Results

Below is the summary from the evaluation report.

Purpose

Clinicians have responsibilities for audit and research, often participating in projects with colleagues in basic science. Whilst e-Scientists and e-Clinicians would ideally share different perspectives of the same virtual working environments, differences in language, conflicting agendas and security issues make it a major challenge to relate information from bench to bedside and back to bench. Our approach is to initiate a transition to service oriented architecture and use Grid technologies to minimise relearning and reengineering
In the Collaborative Orthopaedic Research Environment (CORE) project(1), we report on a pilot study for proof of concept of this work. Users are mapped to a personal profile, implemented using XML and a Service Oriented Architecture (SOA) (2;3) demonstrate the ability to provide a secure working environment for data collection and analysis that may be used for research clinical production and practice, thus bridging the e-Health and e-Science domains.

Methods

To enhance access and control of these virtual workspaces an eXtensible Mark-up Language (XML) based interface has been developed. This links the clinical data collection from ongoing trials in Orthopaedics to the educational environment of the Web Based Training (WBT) scheme. The underlying Collaborative Orthopaedic Research Environment (CORE) infrastructure encompasses the normal working environment of engineers and clinicians adopting dedicated interactive media.
Adaptive hypermedia is used to associate multiple hyperlinks to the clinical data collected. The material is prepared from the actual patient operative information, integrating the data collection with the orthopaedic research modules that are generated for the advancement of orthopaedic surgery.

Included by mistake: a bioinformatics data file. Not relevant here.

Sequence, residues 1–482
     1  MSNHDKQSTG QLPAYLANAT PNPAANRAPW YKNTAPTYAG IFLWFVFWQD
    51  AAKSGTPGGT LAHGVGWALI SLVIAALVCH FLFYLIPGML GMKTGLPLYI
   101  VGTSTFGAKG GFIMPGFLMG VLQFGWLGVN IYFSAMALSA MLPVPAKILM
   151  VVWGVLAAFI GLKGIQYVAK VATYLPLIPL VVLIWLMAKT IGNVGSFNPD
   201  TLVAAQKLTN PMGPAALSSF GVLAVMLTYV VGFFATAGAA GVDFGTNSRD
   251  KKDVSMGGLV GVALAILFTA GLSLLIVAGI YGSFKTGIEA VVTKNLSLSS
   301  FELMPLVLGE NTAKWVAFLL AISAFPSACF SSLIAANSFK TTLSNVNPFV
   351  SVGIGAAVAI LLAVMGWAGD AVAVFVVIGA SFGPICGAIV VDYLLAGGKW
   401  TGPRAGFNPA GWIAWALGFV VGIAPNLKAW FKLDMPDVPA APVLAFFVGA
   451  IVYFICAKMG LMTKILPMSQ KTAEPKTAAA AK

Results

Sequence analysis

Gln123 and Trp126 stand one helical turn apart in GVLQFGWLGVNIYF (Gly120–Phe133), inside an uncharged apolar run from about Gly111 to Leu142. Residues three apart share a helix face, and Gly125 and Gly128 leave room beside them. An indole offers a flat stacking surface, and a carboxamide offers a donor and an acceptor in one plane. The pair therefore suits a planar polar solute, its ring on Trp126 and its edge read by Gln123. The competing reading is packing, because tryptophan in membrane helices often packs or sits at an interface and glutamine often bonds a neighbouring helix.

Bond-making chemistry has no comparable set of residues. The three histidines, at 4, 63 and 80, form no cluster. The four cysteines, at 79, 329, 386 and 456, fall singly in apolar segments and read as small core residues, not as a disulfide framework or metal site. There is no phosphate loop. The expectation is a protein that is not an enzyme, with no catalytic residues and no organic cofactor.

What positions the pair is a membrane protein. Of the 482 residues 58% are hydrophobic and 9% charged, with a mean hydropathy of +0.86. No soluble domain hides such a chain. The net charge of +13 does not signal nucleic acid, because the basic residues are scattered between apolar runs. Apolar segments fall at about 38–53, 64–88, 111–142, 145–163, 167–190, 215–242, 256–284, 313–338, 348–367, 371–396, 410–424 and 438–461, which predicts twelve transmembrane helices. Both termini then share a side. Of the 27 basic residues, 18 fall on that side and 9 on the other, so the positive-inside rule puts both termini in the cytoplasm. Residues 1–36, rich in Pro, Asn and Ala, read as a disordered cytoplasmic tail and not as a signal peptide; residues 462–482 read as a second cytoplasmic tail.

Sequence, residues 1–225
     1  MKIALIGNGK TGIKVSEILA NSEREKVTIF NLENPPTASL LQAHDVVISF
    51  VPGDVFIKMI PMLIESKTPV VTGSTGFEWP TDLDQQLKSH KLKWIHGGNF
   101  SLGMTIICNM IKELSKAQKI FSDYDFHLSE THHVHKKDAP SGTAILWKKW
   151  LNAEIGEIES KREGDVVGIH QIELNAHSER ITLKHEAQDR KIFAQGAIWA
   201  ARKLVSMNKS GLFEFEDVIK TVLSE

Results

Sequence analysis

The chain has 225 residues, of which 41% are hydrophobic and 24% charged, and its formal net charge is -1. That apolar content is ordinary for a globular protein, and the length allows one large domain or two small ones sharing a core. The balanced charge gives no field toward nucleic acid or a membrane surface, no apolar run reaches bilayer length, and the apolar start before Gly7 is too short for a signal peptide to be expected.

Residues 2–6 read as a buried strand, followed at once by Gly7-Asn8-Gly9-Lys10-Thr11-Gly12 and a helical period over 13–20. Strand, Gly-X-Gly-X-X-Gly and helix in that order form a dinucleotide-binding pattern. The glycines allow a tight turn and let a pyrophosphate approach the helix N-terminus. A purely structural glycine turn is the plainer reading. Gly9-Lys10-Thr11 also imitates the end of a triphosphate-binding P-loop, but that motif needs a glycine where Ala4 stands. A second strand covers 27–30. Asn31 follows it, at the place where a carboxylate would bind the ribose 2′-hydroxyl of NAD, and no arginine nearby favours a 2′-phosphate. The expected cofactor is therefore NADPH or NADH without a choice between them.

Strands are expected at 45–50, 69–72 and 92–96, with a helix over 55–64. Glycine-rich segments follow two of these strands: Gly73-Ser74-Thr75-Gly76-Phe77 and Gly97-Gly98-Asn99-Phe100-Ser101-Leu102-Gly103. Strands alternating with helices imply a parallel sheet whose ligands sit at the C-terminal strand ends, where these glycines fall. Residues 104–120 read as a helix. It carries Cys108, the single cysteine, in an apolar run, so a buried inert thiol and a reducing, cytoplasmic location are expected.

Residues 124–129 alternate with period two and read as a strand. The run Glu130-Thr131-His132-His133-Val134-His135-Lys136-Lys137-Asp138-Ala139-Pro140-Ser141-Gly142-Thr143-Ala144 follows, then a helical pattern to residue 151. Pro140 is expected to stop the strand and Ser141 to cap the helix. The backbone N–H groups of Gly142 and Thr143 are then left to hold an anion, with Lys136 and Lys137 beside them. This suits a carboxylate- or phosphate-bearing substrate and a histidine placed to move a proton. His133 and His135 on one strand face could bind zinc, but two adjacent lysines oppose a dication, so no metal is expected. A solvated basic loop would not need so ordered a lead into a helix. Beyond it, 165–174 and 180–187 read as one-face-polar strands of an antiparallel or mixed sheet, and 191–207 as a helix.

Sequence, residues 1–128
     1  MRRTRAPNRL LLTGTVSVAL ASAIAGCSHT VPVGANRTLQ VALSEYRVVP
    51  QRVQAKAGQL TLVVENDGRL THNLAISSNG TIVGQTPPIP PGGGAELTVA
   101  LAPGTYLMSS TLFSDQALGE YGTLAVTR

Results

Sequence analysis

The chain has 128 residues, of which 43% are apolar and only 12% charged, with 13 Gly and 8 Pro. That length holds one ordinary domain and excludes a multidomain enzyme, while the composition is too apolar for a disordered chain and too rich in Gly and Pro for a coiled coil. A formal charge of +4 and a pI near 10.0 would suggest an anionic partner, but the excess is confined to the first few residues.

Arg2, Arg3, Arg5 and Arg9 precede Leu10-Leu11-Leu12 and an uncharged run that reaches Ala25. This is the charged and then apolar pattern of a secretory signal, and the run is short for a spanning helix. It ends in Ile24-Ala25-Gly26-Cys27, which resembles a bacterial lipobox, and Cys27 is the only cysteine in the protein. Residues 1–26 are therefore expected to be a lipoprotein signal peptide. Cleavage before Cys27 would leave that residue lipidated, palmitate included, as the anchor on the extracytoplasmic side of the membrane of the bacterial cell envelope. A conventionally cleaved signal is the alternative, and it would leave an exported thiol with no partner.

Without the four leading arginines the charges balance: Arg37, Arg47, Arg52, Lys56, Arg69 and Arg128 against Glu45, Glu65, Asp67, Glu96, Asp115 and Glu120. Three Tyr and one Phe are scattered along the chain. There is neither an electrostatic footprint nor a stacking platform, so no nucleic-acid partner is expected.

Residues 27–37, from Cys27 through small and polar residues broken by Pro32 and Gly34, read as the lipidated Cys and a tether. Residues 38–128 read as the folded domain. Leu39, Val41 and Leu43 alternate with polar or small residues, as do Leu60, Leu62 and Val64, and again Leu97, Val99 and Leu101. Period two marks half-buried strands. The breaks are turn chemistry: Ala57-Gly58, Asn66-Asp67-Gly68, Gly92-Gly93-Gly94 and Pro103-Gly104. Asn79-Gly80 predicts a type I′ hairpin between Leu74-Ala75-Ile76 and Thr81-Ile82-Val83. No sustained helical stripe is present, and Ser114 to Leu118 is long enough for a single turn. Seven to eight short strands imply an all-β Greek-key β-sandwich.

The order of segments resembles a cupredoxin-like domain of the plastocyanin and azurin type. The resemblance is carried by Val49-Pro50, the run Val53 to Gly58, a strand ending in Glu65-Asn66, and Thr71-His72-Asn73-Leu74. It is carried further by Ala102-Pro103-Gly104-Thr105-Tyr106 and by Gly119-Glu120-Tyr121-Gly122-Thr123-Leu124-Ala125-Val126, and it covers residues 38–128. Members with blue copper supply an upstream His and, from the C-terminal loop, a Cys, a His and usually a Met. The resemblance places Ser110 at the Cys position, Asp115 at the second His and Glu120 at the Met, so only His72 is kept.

Results

An XML based interface enables users to communicate using material mediated for their specific needs allowing adaptive media based upon user experience and knowledge base. This combines declarative (factual) content with feedback from a clinical (procedural) case-based training and evaluation environment. By using the XML interface, we were able to cater for the different user hardware and software resources, media content and even the language of presentation, incorporated via the virtual research environment. Proof of concept involved demonstration of the system with a scenario that used clinical data collection for everyday management. This information can then be used for the collection of data for audit and research.

Conclusion

By constructing a framework based upon already established standards, we anticipate the applicability to other surgical disciplines. We also perceive this as a way of building patient specific datasets libraries (atlases) of pathologies and of results of various interventions. This will enable the development of networking computer architectures to assist the assimilation of multiple sources and media from different basic science resources. The interface offers the opportunity to review data from orthopaedic surgical systems embedded in an educational environment that is quantitative rather than descriptive. This will ultimately help the development of data repositories for mining, providing feedback upon clinical case management. Future work should focus upon the process of patient data collection and refinement of the data analysis using grid technologies. The intention is to develop this as part of the interface for basic science integration, especially using the use of the virtual research environment for the preparation of collaborative work both at National and International levels.